Additionally, New York City’s mayor and the governor issued updated guidelines for residents asking them to try to avoid crowded subway cars or work from home and to consider biking or walking to work. This came two days before an announcement on March 11 that the city has 46 confirmed cases of the virus, a dramatic increase from 24 hours prior when there were only 25 cases.
Commuting During a Pandemic
Source: World Health Organization
It’s uncertain (and unlikely, hopefully) whether cities will resort to shutting down public transportation to prevent an uptick of infected people, but remember that bike share is always an option.
In fact, Chinese online magazine Abacus News reported that commuters are returning to bike sharing because “it allows them to ride in open space without any human contact.” Plus, an expert at the Chinese Center for Disease Control and Prevention recommends bike share as the form of public transportation that poses the lowest risk of getting infected with the virus.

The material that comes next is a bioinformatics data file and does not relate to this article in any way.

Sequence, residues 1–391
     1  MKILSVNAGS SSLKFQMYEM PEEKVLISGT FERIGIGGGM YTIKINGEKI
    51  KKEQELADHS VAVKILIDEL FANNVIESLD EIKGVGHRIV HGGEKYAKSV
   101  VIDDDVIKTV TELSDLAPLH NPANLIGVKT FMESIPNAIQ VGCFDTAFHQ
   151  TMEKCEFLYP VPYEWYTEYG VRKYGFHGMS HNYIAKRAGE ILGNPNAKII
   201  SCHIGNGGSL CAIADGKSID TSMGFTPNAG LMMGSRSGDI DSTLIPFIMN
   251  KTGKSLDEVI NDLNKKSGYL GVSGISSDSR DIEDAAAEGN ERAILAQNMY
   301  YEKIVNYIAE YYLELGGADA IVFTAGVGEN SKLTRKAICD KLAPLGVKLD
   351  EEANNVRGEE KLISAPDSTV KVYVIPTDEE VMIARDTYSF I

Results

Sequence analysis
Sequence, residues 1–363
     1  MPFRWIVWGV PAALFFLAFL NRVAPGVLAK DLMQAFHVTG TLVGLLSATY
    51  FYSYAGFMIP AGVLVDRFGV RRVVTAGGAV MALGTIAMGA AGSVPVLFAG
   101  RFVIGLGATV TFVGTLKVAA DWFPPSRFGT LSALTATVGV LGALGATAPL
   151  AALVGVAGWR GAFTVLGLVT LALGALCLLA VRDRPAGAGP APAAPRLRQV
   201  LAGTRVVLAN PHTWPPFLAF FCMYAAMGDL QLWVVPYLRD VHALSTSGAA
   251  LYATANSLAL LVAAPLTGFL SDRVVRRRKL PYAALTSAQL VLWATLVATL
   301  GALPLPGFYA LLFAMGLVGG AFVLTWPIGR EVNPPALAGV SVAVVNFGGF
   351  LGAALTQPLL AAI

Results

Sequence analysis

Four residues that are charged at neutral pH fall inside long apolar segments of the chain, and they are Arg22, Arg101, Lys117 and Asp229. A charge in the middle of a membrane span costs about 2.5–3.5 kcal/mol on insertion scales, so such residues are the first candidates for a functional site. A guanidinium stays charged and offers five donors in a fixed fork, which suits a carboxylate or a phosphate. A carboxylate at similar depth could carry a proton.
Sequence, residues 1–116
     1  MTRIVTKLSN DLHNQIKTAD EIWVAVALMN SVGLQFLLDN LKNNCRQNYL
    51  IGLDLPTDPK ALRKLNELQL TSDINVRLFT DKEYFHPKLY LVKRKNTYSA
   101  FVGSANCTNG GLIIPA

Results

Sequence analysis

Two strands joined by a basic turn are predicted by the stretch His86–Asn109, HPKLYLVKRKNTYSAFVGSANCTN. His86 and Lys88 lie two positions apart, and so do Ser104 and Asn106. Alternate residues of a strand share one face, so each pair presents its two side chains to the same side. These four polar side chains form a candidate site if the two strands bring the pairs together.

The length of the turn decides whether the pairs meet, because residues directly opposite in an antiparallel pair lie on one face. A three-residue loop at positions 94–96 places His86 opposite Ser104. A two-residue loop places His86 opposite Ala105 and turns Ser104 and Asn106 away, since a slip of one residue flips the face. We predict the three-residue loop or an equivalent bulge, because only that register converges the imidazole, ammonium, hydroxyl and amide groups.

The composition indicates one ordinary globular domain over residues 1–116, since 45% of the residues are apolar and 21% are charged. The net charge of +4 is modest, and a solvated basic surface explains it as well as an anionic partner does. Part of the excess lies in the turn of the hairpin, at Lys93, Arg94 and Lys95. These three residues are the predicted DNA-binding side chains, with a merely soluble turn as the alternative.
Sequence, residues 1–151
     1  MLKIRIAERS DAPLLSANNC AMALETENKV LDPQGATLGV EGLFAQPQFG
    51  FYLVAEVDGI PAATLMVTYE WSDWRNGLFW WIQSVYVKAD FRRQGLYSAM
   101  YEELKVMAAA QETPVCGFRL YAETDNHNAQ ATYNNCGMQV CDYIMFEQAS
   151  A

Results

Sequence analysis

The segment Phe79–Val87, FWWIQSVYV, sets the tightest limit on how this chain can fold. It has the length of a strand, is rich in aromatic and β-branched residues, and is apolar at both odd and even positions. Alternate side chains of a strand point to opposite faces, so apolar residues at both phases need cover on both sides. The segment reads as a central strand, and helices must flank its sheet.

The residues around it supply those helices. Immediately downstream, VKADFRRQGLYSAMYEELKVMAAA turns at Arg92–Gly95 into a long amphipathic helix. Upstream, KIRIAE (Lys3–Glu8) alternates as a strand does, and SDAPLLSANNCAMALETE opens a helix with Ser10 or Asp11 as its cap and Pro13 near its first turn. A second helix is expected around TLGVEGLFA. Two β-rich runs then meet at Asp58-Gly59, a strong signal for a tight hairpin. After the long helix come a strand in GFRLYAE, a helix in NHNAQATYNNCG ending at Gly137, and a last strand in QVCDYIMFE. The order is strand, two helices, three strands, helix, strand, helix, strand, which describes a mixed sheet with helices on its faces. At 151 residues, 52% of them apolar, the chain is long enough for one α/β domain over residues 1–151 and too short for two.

Still, you must exercise caution.
If possible, walking or using your own bike are always safe bets; otherwise, heed these helpful tips when using bike share or public transportation:
- Avoid soft handlebar grips in a shady space and choose bikes with harder ones that have been out in sunlight.
- Sanitize the handlebars, wear gloves, or again, just wash your hands once you arrive at your destination.
- If possible, commute during off-peak times when people aren’t packed in quite as densely.
- Wash hands with soap and water for at least 20 seconds multiple times a day.
- Avoid touching eyes, nose and mouth with unwashed hands.